Midwest, plains residents recover from storms, flooding


A powerful storm system that swamped the upper Midwest and killed at least six people moved into Ohio today as weary Minnesota residents returned to their water-logged homes. For many, it was a surreal scene.

Orange Xs marked buildings that had been searched for survivors. Canoes lay in the streets. At a campground in Houston County, picnic tables hung from trees.

Mud several inches deep covered streets in parts of Rushford, and some sidewalks had collapsed.

"Some people had to cut holes in their roofs to get out, the water was so deep," said Jack O'Donnell, chief deputy with the Fillmore County Sheriff's Office.

The storm was one of two systems that flooded towns in the Midwest and southern Plains over the weekend. The second, the remnants of Tropical Storm Erin, killed six people in Oklahoma, eight in Texas and one in Missouri, where up to 11 inches of rain fell in a few hours Monday.

This morning, heavy rain in Ohio caused flooding that closed a seven-mile stretch of Interstate 75 in the northwest part of the state, the Highway Patrol said.

Nearby, motorists were urged to stay out of Wyandot County because of extensive flooding caused by more than 8 inches of rain, and authorities were busy rescuing motorists from stalled cars, sheriff's Lt. Neil Riedlinger said.

Water was — feet deep today in downtown Carey, Ohio, and a local nursing home had to be evacuated, Riedlinger said. Firefighters in the north-central Ohio town of Bucyrus used a boat to rescue families from flooded homes.

In Minnesota, divers and the crew of a National Guard helicopter searched for Jered Lorenz, 37, whose overturned car was found lodged in the rocks along a creek near Lewiston.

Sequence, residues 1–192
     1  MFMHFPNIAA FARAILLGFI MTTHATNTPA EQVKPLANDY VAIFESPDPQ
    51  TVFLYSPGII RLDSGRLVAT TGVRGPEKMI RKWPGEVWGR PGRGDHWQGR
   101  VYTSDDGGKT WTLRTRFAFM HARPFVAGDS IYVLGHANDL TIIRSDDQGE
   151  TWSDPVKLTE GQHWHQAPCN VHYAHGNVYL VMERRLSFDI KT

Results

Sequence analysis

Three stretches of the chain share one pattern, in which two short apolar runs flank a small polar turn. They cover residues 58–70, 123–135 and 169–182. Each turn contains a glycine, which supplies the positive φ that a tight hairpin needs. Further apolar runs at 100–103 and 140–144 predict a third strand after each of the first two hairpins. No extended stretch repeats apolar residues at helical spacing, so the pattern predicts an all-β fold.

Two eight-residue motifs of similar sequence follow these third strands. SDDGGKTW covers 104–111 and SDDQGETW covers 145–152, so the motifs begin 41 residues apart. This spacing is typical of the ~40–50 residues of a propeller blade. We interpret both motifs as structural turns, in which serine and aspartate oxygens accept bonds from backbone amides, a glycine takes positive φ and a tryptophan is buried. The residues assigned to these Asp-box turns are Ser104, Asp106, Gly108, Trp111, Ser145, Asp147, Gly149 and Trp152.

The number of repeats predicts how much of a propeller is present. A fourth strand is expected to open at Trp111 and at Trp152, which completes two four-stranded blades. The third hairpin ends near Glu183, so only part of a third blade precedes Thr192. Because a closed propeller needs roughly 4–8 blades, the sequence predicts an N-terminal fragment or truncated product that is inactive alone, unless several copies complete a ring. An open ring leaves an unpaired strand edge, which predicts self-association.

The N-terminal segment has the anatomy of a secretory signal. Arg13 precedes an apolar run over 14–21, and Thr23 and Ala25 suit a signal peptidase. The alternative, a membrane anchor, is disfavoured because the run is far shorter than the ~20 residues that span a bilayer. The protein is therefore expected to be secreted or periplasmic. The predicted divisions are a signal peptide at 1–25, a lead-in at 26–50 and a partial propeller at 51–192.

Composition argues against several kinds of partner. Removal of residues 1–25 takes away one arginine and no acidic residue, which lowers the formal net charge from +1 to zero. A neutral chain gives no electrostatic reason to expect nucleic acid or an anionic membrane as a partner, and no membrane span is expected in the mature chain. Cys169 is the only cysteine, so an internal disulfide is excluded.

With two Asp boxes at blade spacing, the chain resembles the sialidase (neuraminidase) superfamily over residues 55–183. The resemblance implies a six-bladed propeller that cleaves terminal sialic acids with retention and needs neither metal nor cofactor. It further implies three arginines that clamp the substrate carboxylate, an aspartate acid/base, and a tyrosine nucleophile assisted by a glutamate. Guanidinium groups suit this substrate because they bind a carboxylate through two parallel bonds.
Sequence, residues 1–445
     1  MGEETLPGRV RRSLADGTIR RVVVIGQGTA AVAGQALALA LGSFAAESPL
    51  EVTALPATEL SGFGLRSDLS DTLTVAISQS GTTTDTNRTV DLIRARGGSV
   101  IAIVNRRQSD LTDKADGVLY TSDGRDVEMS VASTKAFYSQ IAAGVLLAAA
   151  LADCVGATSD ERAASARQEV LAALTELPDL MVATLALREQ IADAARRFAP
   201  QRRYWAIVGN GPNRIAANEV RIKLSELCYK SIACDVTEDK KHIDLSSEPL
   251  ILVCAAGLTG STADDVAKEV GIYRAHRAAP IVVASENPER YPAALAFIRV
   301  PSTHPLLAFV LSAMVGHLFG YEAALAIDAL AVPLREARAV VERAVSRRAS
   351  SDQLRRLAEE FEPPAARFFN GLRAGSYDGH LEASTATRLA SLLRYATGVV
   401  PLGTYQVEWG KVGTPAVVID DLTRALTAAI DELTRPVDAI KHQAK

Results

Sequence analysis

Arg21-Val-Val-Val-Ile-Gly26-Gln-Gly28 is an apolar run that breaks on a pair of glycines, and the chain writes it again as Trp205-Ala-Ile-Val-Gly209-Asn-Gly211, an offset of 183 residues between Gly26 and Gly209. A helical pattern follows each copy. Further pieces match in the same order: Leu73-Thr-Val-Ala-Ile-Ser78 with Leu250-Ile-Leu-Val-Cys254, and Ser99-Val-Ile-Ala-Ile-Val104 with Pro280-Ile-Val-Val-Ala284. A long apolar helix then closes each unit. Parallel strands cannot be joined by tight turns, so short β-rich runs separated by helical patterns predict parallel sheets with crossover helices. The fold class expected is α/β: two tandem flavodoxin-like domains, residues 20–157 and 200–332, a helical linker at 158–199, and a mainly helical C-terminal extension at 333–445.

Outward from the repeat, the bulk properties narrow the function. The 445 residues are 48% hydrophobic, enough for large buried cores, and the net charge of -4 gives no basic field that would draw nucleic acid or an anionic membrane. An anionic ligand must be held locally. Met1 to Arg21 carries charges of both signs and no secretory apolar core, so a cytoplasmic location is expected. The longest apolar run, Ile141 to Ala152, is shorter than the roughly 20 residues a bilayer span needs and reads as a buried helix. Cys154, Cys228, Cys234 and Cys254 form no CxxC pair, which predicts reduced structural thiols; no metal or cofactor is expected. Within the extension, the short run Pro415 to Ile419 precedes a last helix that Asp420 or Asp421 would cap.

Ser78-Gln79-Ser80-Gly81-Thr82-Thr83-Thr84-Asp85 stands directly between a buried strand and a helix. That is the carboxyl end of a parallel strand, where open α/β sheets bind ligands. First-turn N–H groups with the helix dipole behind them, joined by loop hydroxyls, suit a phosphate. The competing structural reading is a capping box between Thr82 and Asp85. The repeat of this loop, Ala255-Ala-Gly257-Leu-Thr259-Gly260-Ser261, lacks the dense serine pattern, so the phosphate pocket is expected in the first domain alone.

Fifteen miles to the south, the National Guard controlled access to the city of Rushford, escorting residents in just long enough for them to grab pets, clothing, medicine and other emergency supplies.

Rushford City administrator Windy Block said residents may be allowed back for good today if electrical power is restored and the storm sewer works. She estimated that at least a third of the town's 1,800 residents suffered damage from the flooding of Rush Creek.

Hundreds of people fled their homes in southwestern Wisconsin as the deluge turned the countryside in Vernon, Crawford and Richland counties into bogs, drowned crops and strained dams nearly to the breaking point. Damage estimates hit nearly $30 million and were expected to keep climbing.

Southwestern Wisconsin was under another flash flood watch tonight and Wednesday, with a chance of rain through Friday, said National Weather Service meteorologist Rod Swerman.

The town of Soldiers Grove, Wis., lost part of a road to flooding. In nearby Gays Mills, flooding filled downtown with waist-deep, peanut butter-colored water. Mason Evans Jr. said water was 8 feet deep in his house in Gays Mills.

"It broke me," Evans said. "I lost everything."


On the Net:

Weather Underground: http:www.wunderground.com/

National Weather Service: http:iwin.nws.noaa.gov/

Intellicast: http:www.intellicast.com/

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